The influence of soil properties on the vegetation dynamics of Hluhluwe iMfolozi Park, KwaZulu-Natal.
Harrison, Rowena Louise.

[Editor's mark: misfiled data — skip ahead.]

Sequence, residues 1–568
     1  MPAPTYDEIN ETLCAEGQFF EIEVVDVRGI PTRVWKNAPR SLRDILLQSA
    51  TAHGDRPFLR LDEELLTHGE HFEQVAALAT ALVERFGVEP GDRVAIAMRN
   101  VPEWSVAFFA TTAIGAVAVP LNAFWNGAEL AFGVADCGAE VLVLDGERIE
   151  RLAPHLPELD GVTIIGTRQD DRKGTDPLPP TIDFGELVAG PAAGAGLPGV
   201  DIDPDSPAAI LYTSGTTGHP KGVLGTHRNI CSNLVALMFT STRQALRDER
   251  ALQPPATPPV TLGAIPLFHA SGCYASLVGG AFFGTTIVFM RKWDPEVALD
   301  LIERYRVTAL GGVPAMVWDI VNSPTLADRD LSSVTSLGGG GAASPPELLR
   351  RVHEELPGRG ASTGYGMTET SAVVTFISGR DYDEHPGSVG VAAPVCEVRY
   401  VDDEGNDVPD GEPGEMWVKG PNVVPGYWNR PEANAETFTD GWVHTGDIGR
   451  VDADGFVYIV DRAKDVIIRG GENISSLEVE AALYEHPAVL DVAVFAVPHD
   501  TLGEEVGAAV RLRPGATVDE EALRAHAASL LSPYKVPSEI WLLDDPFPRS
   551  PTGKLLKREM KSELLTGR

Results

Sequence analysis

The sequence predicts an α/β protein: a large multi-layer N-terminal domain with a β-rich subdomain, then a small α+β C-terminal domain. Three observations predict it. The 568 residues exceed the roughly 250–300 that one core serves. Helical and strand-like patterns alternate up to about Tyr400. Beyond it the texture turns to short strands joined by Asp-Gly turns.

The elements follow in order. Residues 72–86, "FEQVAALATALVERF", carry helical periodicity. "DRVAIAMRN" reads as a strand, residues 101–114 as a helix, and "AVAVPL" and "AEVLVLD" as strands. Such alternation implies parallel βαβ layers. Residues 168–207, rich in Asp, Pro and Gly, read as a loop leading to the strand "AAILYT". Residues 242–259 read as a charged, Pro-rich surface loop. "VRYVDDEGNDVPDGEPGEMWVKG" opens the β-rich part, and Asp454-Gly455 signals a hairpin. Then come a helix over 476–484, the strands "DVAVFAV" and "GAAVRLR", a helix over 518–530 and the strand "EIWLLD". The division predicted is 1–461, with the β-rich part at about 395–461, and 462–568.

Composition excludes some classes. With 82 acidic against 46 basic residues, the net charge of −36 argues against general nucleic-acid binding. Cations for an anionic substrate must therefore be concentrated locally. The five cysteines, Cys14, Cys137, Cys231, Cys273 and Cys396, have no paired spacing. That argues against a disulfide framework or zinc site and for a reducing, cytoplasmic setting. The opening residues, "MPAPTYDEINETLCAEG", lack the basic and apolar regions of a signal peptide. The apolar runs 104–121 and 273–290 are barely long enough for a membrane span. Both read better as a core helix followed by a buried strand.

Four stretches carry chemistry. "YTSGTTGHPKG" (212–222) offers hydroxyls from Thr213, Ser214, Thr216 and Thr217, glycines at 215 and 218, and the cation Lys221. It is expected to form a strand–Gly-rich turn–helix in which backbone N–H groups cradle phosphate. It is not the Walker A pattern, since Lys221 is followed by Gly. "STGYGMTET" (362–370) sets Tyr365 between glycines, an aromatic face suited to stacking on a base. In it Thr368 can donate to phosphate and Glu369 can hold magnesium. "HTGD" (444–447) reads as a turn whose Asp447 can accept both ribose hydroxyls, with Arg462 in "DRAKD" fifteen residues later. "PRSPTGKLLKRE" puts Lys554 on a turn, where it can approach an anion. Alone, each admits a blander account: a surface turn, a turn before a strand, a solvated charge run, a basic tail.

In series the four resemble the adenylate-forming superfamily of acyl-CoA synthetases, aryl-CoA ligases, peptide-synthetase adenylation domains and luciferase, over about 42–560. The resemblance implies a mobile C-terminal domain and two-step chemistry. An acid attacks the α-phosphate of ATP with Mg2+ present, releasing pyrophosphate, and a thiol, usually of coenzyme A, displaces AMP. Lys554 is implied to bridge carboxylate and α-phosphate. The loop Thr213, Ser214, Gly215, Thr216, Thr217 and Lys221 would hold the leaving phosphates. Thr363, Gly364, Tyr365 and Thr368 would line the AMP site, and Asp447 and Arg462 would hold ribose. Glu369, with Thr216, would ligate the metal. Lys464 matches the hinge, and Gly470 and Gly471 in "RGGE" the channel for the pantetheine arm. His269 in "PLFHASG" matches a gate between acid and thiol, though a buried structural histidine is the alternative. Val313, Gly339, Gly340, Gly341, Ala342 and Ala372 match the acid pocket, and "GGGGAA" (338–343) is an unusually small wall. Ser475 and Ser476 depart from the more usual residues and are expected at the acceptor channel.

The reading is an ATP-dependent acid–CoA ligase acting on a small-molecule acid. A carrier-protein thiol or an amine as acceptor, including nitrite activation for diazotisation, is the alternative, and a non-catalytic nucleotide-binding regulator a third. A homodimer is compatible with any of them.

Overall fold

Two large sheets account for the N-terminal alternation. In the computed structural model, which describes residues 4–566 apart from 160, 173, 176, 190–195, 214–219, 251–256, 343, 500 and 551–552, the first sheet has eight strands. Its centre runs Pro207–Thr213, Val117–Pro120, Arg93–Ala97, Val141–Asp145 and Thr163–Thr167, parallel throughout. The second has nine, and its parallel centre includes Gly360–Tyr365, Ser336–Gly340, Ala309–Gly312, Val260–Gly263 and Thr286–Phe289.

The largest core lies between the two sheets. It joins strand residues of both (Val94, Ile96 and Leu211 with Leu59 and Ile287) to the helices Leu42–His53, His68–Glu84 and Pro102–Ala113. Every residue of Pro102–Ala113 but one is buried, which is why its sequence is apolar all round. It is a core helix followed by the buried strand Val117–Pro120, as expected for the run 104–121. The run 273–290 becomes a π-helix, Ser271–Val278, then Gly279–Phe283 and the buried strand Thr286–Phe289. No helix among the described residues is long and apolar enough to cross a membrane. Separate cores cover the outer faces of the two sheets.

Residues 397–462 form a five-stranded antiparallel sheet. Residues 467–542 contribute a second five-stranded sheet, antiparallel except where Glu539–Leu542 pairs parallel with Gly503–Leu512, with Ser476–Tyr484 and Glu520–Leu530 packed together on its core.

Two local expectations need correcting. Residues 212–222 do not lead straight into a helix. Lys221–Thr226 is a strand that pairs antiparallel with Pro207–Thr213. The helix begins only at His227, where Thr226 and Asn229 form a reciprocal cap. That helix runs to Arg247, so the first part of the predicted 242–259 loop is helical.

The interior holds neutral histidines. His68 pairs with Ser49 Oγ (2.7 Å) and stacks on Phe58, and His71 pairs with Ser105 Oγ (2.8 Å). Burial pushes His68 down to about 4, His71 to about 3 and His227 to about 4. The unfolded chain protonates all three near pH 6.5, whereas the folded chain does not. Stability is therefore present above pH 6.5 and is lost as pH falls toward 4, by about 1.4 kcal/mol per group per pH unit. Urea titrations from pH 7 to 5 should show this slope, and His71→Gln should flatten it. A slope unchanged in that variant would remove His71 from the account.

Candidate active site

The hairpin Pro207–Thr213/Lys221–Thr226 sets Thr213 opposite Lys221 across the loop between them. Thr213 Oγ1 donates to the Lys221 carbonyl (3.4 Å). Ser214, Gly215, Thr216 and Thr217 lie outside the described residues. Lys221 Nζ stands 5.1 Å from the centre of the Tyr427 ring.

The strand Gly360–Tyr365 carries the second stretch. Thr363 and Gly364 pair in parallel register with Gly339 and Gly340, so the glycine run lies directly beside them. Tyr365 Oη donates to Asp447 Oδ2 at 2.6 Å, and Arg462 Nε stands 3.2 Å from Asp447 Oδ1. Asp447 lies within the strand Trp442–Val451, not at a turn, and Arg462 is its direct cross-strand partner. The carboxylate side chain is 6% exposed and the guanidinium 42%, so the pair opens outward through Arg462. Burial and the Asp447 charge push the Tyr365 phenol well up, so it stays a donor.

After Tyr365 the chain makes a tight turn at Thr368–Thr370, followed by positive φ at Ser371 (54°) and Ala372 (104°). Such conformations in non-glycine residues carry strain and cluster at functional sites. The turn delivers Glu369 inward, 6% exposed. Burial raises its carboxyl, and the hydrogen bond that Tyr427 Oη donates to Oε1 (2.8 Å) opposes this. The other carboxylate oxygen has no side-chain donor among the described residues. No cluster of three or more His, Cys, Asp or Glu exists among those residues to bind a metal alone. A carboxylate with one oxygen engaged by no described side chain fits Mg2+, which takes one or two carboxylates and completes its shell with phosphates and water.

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The physical and chemical properties of soils can greatly influence the vegetation patterns in a landscape. This is especially so through the effect that particular characteristics of soils have on the water balance and nutrient cycling in savanna ecosystems. Areas in the savanna environment found in Hluhluwe iMfolozi Park have experienced a number of changes in the vegetation patterns observed. This study, therefore, looks at the effect that soil characteristics may have on the vegetation growth in this area and on the changes that have taken place over time. Fixed-point photographs, taken every four years, were used to choose fourteen sites in the Park, which showed either a ‘change’ or ‘no-change’ in vegetation from 1974 to 1997. The sites consisted of four which had ‘no-change’ in vegetation, two sites with a slight increase (5- 20%) in tree density, three sites with a greater increase in tree density (>20%), two sites with a slight decrease in tree density (5-20%), and three sites with a greater decrease in tree density (>20%). Transects were then carried out at each site, in which the soil was classified to the form and family level. Each horizon was then sampled and the field texture, structure, Munsell colour and depth of each horizon and profile recorded. The data recorded in the field were statistically analysed through a principal component analysis (PCA). The type of horizon, horizon boundary, structure type, colour group and depth for the top and subsoil were included in the models and were analysed with the number given to each site for each of the three sections of the Park, namely Hluhluwe, the Corridor and iMfolozi. The most prominent textures at all sites were sandy loam, loam, clay loam and silt loam for both the top and subsoil for all site categories. The texture classes were also compared across the Hluhluwe, Corridor and iMfolozi sections. The dominant textures in the Hluhluwe and Corridor sections are loam, clay loam and silt loam for both top and subsoils. Sites sampled in the iMfolozi section appear to have textures mainly associated with the clay loam and sandy loam classes. The structure classes of the soil including sub-angular blocky, granular and crumb which are associated with a moderate structure appear to be the most dominant type in all categories for the topsoil; single-grain and sub-angular blocky classes the main types for the subsoil. Generally the colour of the soil at all the sites sampled was yellower than 2.5YR and the values and chromas mostly fell within the range of 3-5 and 2-6, respectively. This is also shown in the PCA results obtained, which associate particular soil characteristics with the various sites sampled for the different vegetation change categories investigated. The samples collected were also analysed in the laboratory after being air-dried. The laboratory analysis included measurements of pH, exchangeable acidity, organic carbon, extractable phosphorus, particle size distribution and cation exchange capacity (CEC). The data recorded in the laboratory were also analysed by PCA. This was used to determine which soil properties are associated with the particular sites investigated. The pH of the soil, in all areas, fell within a wide range. The pH is influenced by the rainfall in the area and thus sites sampled in the Hluhluwe section are more acidic than those sampled in the Corridor and iMfolozi sections. The topsoils had a higher pH for all the samples and were in the range between 5 and 7. The exchangeable acidity measurements were low, although they were higher in the subsoil as opposed to the topsoil. The nutrient contents did not appear to vary greatly between the different sites in the Park. Generally extractable phosphorus, CEC and organic carbon were low across the Park. The particle size analysis showed that the clay percentage increases between the top and subsoil for all the sites sampled. The silt and various fractions of sand percentages vary across all sites and are lower than the clay percentage at all sites except the A horizon of the ‘slight increase’ sites. The ‘no-change’, and ‘increase’ sites have a higher percentage of clay as compared to the silt and sand fraction for both the A and B horizon. The ‘slight increase’ sites have a higher percentage of sand in the A and B horizon, the ‘slight decrease’ sites have a more equal percentage between the sand, silt and clay fractions in the A horizon and a greater percentage of clay in the B horizon. The ‘decrease’ sites have a greater percentage of clay and silt in the A and B horizon. While certain soil properties have a definite effect on the plant growth, no relationship between specific soil properties and vegetation changes was shown. However, it is likely that the soil structure and texture affect the vegetation patterns, through their influences on the water and nutrient holding capacity. With an increase in the clay percentage and more strongly structured soils, plants can access more water and nutrients and this will increase the tree density in an area. However, the recent changes in the vegetation patterns observed in the Park appear to be more associated with other environmental factors. The soil properties analysed would have generally been more constant at the sites sampled, particularly over the relatively short period of time in this study. Therefore, the changes which were recorded in the fixed-point photographs would have been enhanced by other factors experienced in the Park, including fire and the effect that grazers and browsers have on the vegetation.
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